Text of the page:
Keith Urban honors musical heroes in this New Year’s Eve tribute YouTube/macartsk

As the year comes to a close, many of us take a few minutes to look back on the previous 12 months. We celebrate our victories and successes, give some perspective to the bumps we hit in the road and maybe even shed another tear for our losses.

During his New Year’s Eve show in Nashville, Keith Urban gave us one more chance to remember some of those losses when he performed a medley of cover songs honoring members of the music industry who we lost in 2017.

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And the big-hearted country star didn’t focus on just his country music peers. Truly showcasing his incredible and diverse talent, Keith paid tribute to popular rock stars, including the legendary Chuck Berry, in his memorial medley, too.

With photos of the artists flashing behind him, Keith kicked off the nearly 10-minute performance acoustically with a part of Soundgarden’s “Black Hole Sun,” honoring the band’s 52-year-old lead singer and guitarist Chris Cornell who passed away from an apparent suicide.

He then rolled into a bit of the Allman Brothers’ “Midnight Rider” in tribute to the late Gregg Allman. Gregg passed away in May from complications of liver cancer at the age of 69.

Keith’s rousing version of “Johnny B Good” was a fitting nod to the iconic Chuck Berry. One of the pioneers of rock ‘n’ roll, Chuck was 90 when he passed away in March from cardiac arrest.

Of course, Keith honored heroes and friends in country music during the tribute, starting with one of his own inspirations, Don Williams. Scratching out a jangly, toe-tapping bit of “Tulsa Time,” he remembered the artist who he credits for being one of his greatest influences. We lost Don in September from emphysema. He was 78 years old.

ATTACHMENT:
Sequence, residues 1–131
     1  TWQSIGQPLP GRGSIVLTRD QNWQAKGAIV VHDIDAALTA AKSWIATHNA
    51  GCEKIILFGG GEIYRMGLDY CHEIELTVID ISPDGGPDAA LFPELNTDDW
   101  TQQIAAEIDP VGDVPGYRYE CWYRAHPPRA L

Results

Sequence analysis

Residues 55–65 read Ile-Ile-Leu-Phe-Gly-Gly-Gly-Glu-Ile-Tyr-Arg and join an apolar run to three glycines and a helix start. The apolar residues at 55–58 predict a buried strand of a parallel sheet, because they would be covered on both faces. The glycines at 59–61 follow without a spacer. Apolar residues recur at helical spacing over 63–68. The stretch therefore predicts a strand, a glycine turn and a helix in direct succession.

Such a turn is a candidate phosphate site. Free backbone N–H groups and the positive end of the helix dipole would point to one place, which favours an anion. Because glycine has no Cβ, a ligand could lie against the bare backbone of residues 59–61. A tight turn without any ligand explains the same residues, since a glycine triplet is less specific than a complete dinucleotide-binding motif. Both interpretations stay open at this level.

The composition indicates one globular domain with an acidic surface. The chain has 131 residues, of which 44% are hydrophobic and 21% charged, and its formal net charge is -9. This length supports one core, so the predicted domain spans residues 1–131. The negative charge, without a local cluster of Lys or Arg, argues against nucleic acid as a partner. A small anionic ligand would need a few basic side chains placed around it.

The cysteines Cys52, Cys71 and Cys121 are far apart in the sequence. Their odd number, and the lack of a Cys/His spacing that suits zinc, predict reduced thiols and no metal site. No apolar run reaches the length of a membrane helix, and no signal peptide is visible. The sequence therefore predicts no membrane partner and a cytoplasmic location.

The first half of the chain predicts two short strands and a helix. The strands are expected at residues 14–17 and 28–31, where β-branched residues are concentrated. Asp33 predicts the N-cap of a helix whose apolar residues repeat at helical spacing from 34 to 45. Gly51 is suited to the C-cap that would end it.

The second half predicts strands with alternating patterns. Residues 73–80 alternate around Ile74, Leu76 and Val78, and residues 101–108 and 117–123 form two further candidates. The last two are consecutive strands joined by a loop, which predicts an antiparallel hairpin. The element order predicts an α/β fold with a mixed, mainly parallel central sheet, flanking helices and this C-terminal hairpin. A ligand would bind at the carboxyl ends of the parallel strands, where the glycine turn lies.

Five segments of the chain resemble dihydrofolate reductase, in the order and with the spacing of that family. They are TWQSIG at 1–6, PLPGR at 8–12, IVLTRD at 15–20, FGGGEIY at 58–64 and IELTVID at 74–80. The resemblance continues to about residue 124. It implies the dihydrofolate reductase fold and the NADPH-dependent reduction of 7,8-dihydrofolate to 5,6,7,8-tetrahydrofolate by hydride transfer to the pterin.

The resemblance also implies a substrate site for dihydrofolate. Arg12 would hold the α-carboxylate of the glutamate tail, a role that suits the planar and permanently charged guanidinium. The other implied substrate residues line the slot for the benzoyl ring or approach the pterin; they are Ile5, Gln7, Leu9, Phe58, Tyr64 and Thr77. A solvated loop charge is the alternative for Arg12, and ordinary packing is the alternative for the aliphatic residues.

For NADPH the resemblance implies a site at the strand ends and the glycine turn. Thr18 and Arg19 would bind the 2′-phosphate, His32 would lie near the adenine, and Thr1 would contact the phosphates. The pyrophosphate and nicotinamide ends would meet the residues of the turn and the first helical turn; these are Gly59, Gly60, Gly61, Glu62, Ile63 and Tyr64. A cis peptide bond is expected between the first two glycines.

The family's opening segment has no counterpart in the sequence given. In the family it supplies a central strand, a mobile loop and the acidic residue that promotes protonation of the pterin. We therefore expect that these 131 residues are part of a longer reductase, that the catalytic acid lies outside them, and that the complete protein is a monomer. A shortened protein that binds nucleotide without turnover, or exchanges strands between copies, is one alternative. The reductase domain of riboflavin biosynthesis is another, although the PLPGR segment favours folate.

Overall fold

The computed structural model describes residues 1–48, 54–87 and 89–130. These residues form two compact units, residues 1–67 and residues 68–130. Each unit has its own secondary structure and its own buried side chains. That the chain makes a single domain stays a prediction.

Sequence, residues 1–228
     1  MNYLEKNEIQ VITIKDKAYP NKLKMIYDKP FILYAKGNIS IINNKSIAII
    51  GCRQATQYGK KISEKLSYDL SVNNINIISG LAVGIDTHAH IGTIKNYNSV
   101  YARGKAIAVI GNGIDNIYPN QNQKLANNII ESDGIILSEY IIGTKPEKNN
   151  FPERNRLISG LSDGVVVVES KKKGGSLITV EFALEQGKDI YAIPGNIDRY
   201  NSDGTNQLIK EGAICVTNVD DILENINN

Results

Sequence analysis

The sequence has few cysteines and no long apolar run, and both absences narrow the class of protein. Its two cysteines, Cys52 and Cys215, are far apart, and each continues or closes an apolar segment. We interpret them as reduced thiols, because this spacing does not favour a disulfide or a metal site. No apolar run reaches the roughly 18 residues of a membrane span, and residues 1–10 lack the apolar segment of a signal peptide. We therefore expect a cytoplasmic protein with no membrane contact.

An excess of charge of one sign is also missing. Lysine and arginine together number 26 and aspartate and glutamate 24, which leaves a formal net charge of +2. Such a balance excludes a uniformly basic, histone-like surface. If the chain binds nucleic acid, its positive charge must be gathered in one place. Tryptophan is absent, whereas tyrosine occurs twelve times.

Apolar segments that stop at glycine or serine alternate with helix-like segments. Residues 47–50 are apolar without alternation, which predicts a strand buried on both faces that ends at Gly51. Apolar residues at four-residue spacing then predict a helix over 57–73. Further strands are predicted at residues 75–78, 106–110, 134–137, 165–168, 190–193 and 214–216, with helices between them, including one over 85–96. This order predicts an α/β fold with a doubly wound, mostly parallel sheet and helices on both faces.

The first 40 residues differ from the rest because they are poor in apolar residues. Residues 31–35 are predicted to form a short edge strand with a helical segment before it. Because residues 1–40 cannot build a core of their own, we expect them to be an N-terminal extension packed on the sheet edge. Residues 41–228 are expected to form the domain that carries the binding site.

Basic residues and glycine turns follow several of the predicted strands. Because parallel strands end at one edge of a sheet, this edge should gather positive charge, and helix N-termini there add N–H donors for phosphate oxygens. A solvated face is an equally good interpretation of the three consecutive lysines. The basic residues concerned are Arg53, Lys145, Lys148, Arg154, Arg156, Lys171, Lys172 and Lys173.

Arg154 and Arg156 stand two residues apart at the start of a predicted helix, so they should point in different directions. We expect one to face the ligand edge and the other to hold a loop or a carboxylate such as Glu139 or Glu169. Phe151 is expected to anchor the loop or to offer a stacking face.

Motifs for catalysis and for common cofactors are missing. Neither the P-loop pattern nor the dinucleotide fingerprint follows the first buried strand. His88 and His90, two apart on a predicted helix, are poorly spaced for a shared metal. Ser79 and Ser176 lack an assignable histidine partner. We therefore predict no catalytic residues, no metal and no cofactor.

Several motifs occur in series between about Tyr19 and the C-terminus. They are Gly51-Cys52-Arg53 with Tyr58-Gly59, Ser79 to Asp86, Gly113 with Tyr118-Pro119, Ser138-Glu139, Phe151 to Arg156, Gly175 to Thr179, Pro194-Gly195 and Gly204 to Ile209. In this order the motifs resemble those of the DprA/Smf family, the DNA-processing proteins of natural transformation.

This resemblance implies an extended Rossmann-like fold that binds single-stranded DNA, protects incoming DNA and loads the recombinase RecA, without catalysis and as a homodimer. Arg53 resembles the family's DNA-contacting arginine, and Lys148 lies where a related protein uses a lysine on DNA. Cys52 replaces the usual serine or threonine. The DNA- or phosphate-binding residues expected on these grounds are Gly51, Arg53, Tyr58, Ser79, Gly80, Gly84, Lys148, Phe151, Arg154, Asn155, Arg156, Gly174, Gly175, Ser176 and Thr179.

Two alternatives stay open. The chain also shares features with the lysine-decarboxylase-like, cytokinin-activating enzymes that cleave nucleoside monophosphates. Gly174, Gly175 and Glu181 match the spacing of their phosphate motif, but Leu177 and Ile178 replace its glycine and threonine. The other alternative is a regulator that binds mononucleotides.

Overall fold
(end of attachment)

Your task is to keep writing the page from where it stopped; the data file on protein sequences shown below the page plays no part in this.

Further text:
In one of the more quiet and pensive moments of the medley, Keith slowed things down to honor another of his personal heroes, Glen Campbell, with a tender verse of “Wichita Lineman.” Glen lost his lengthy battle with Alzheimer’s disease in September at the age of 81.


One of the most difficult losses in country music, because it was so unexpected, came in September when the country music community lost one of its brightest stars and Keith lost a dear friend. In honor of Montgomery Gentry’s Troy Gentry, Keith performed a chorus of “My Town.” You may recall that Troy died in a helicopter crash at the age of 50.

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Keith’s amazing band then joined him as he broke into that oh-so-recognizable intro to AC/DC’s “Back in Black.” The iconic rock band lost their guitarist, Malcolm Young, this year after a series of health issues, including dementia and lung cancer. He was 64.


An obvious guitar hero and influence on the Aussie ax man, Keith closed out his shows playing Tom Petty’s “Free Falling.” Tom passed at 66 after suffering a cardiac arrest in October. Turning the tribute into a giant singalong, the country star brought the mood of the moment back up to a fevered pitch, dividing the audience into segments to sing the chorus.

As devastating as the losses are, it’s helpful to have another chance to bid those heroes and legends farewell and begin a new year with a lighter heart.

Based in Nashville, Tammy is a 20-year veteran of the country music community. She has worked in marketing, PR and artist development. Follow her @TammyGooGoo and join the conversation @RareCountry
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